RMAN> list backup summary;

new incarnation of database registered in recovery catalog
starting full resync of recovery catalog
full resync complete

List of Backups
===============
Key     TY LV S Device Type Completion Time #Pieces #Copies Compressed Tag
------- -- -- - ----------- --------------- ------- ------- ---------- ---
1737    B  F  A DISK        27-FEB-11       1       1       YES        FULL BACKUP
1752    B  F  A DISK        27-FEB-11       1       1       NO         TAG20110227T144855

RMAN> list incarnation;

List of Database Incarnations
DB Key  Inc Key DB Name  DB ID            STATUS  Reset SCN  Reset Time
------- ------- -------- ---------------- --- ---------- ----------
1       8       PROD     1099918981       PARENT  1          30-JUN-05
1       2       TEST     1099918981       PARENT  446075     04-APR-10
1       1789    TEST     1099918981       CURRENT 3023938    27-FEB-11

RMAN> exit

Recovery Manager complete.

And lets see what happens when we go into RMAN for Production

[oracle]$ export ORACLE_SID=PROD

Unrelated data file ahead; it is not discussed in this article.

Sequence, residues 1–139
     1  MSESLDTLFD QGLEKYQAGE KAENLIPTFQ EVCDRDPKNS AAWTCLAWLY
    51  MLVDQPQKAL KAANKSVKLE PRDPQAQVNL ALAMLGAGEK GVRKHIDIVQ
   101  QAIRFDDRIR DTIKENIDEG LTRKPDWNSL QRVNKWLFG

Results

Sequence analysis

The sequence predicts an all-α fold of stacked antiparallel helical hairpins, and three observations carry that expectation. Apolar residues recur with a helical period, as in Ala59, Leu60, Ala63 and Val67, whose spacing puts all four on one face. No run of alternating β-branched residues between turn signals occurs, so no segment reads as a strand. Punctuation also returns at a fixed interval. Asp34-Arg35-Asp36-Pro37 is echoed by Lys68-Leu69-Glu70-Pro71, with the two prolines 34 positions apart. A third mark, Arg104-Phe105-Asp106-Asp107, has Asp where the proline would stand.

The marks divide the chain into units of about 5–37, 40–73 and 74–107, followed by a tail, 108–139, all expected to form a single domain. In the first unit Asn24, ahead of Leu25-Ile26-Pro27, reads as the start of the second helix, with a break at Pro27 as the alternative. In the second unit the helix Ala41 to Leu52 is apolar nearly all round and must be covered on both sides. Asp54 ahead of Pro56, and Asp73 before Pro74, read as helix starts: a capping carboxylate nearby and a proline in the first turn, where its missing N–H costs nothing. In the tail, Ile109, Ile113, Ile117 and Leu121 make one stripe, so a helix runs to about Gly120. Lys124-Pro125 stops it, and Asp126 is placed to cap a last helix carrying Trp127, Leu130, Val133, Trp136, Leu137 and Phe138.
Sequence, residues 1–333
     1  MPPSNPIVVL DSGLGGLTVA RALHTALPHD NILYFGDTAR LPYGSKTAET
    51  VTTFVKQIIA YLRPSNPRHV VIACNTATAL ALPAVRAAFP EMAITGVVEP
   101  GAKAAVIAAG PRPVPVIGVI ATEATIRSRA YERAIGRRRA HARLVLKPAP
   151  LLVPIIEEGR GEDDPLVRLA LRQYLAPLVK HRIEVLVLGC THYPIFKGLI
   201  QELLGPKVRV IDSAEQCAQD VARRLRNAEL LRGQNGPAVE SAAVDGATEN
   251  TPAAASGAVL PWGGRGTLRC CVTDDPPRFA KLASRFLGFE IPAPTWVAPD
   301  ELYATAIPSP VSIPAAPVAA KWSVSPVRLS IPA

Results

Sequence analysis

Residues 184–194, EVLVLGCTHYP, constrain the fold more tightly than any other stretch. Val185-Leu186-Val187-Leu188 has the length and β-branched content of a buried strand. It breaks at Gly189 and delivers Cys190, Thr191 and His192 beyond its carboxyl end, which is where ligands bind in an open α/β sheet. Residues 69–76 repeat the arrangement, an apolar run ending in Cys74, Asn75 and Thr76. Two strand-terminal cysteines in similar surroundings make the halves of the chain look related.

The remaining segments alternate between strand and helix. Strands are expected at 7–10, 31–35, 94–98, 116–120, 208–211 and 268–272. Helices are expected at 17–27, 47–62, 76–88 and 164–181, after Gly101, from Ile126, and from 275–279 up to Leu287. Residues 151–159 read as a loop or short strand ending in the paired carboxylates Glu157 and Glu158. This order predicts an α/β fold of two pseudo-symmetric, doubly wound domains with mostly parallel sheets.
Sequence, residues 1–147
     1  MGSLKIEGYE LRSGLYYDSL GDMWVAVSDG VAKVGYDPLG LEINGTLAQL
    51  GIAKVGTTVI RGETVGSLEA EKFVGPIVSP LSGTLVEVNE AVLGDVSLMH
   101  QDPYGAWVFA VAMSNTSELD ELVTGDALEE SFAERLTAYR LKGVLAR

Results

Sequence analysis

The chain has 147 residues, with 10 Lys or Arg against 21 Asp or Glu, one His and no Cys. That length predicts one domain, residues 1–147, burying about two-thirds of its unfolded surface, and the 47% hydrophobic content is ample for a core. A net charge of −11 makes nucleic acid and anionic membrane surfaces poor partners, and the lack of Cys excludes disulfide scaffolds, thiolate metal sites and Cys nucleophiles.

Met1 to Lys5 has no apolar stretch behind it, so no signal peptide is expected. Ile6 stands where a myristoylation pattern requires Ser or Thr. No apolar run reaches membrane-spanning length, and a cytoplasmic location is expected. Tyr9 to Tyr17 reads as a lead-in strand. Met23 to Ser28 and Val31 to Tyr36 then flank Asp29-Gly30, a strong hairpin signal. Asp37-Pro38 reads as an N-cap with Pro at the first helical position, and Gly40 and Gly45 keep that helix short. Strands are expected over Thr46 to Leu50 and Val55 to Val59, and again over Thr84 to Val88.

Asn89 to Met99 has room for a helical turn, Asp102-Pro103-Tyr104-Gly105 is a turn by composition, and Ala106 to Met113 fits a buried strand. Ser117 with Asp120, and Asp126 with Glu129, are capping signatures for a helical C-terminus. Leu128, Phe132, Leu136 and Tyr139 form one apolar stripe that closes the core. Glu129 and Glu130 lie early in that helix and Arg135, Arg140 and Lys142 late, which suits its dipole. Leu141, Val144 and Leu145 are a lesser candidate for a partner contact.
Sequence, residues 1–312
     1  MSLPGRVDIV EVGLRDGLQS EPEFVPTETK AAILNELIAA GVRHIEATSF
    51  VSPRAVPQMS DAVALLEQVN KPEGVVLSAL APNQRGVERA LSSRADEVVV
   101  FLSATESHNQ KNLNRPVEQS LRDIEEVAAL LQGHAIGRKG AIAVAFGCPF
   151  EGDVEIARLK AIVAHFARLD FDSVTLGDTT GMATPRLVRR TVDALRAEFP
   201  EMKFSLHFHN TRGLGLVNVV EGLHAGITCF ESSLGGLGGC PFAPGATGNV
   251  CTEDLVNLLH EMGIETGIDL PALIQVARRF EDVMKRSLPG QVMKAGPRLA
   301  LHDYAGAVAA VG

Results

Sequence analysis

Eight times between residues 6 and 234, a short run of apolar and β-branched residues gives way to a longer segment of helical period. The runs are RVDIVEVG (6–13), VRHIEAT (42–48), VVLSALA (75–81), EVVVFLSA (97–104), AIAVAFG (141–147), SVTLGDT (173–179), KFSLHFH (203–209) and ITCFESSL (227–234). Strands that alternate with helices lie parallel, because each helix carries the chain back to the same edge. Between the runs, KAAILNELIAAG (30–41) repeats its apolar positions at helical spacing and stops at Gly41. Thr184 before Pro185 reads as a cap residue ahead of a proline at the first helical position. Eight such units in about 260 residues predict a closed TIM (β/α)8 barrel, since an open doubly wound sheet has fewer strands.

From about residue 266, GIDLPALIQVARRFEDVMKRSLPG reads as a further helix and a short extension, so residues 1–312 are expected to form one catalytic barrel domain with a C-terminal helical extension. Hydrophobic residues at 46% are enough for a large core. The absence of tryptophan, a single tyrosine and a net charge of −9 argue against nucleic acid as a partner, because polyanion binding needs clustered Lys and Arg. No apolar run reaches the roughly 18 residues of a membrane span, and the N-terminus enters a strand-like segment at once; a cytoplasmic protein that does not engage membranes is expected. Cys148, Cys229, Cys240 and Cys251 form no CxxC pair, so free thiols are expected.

[oracle]$ rman target / catalog rman/rman@rman_db

Recovery Manager: Release 10.2.0.1.0 - Production on Sun Feb 27 21:02:59 2011

Copyright (c) 1982, 2005, Oracle.  All rights reserved.

connected to target database: PROD (DBID=1099918981)
connected to recovery catalog database

RMAN> list backup summary;

RMAN-00571: ===========================================================
RMAN-00569: =============== ERROR MESSAGE STACK FOLLOWS ===============
RMAN-00571: ===========================================================
RMAN-03002: failure of list command at 02/27/2011 21:03:04
RMAN-06004: ORACLE error from recovery catalog database: RMAN-20011: target database incarnation is not current in recovery catalog

RMAN> list incarnation;
RMAN> exit

Recovery Manager complete.

So where does that leave me? With the current production datawarehouse unable to access RMAN as it’s not the right Incarnation. One quick look at the clock, and you know what time it is. 30 minutes to the start of a tight backup window, which will fail. It’s inevitable that this sort of thing never happens with 8 hours of free time to work out the best way to resolve the problem, but with scant time to sort it out with no impact on the Production system. After some thought, and some Google, it became apparent that the only solution was to hack manually edit the RMAN catalog to remove the new incarnation.